The turbulent times that shaped Northern Ireland

PARIS: Tensions between Catholics and Protestants in Northern Ireland go back decades with violence in "The Troubles" in the 20th century killing more than 3,500 people and injuring thousands more.

But the history of conflict on the island of Ireland goes back many more centuries.

Here are some turning points in its history.

Conquest and religion

The island's early residents, the pagan Gaels, assumed Christianity around the fifth century when Catholicism's Saint Patrick, today the patron saint of Ireland, was a missionary.

Protestantism arrived with the 12th century Anglo-Norman horsemen invaders and was reinforced from 1556 when conquering England began sending in Protestants to settle on confiscated Catholic land in the northeast, a policy called the "plantations".

Catholics however remained in the majority on the island, except in northeastern areas.

The Potato Famine

The Irish population was decimated by famine in 1845-1848 when the staple food, the potato, was ravaged by blight, causing successive crop failures.

Between half a million and 1.5 million people died from disease or starvation and a million more were forced to leave, many emigrating to the United States.

War splits the island

Led by a Catholic group called the Irish Republican Army, a guerrilla war for independence from Britain was launched in 1919.

The civil war resulted in the island's split in 1921 into a Catholic-majority Irish Free State in the south and a Protestant-majority Northern Ireland, or Ulster, which remained within the United Kingdom.

The larger southern section adopted in 1937 a constitution that gave birth to Ireland, or Eire in the Gaelic language, and the Republic of Ireland was proclaimed in 1949.

Bloody conflict

Anger among minority Catholics in Northern Ireland over discrimination in voting rights, housing and jobs erupted into riots in 1968 and authorities sent in the British army.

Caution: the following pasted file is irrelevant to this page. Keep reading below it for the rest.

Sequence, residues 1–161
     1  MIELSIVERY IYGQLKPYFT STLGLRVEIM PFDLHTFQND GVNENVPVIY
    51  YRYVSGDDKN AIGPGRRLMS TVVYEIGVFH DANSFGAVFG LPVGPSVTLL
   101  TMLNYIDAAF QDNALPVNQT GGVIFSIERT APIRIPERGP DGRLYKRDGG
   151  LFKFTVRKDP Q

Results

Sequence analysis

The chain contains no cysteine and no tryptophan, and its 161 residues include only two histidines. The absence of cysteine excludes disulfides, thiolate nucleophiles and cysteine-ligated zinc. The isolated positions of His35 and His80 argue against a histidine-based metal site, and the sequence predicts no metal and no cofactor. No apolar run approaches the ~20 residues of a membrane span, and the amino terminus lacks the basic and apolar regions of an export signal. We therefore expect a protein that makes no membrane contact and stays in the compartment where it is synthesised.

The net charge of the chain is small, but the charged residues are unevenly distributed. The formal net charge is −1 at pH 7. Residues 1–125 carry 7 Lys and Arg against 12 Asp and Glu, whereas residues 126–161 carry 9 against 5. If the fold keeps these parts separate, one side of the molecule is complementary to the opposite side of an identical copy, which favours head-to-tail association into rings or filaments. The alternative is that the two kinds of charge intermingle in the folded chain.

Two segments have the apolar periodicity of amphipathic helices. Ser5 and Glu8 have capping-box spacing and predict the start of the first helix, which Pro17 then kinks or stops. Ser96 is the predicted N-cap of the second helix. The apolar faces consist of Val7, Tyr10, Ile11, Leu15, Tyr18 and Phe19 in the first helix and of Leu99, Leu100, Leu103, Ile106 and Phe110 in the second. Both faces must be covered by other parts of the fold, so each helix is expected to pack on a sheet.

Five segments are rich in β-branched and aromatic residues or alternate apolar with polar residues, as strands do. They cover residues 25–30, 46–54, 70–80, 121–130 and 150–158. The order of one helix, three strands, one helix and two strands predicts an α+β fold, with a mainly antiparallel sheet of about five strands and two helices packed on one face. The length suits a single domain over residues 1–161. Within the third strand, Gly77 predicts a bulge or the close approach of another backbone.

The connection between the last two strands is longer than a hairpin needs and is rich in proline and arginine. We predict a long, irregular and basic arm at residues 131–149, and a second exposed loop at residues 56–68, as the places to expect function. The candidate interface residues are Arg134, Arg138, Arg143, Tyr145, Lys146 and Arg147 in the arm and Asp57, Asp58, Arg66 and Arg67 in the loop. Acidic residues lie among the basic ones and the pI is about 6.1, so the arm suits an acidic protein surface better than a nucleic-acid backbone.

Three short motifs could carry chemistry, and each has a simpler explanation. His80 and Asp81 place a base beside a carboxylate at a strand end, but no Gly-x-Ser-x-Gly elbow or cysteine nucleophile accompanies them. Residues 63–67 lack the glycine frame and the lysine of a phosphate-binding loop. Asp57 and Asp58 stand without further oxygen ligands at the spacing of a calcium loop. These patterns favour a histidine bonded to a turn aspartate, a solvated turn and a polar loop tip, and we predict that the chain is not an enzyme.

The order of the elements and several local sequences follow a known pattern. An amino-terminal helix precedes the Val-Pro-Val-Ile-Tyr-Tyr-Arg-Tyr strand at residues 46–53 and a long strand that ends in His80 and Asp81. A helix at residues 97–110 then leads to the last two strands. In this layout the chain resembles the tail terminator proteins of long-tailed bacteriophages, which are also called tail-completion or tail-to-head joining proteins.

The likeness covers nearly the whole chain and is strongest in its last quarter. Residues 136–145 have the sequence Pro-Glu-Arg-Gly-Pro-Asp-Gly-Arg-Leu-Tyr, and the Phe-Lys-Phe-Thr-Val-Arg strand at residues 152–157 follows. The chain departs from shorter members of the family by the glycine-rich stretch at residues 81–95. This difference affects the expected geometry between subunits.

It marked the start of a bloody three-decade period of unrest called "The Troubles".

In 1970 the pro-Catholic Provisional Irish Republican Army (IRA), rooted in the organisation that fought in the independence war, launched a campaign of bombings and shootings against the troops. Protestant paramilitary groups reciprocated.

One of the worst incidents was "Bloody Sunday" in January 1972 when British soldiers opened fire on a peaceful Catholic march and killed 14 people.

In March, London dissolved the Northern Ireland parliament and imposed direct rule.

Another turning point came in 1981 when IRA inmate Bobby Sands and nine of his comrades died on hunger strike at Belfast's Maze Prison, where they were demanding political prisoner status.

Peace achieved

After lengthy peace negotiations, the breakthrough Good Friday Agreement was signed on April 10, 1998 between Britain, Ireland and the main Northern Ireland political parties, backed by the IRA.

It led to a new semi-autonomous Northern Ireland and power-sharing government between Protestant and Catholic parliamentarians, marking an end to a conflict which had left more than 3,500 dead.

In 2005 the IRA ordered its members to disarm and handed the reins to its political wing called Sinn Fein, which means "We Ourselves".

The leaders of the opposing sides, former arch-foes Protestant Ian Paisley and Sinn Fein's Gerry Adams, met on March 26, 2007 to clinch a historic deal that saw Northern Ireland self-rule restored later that year.

The British army ended its nearly four-decade mission. — AFP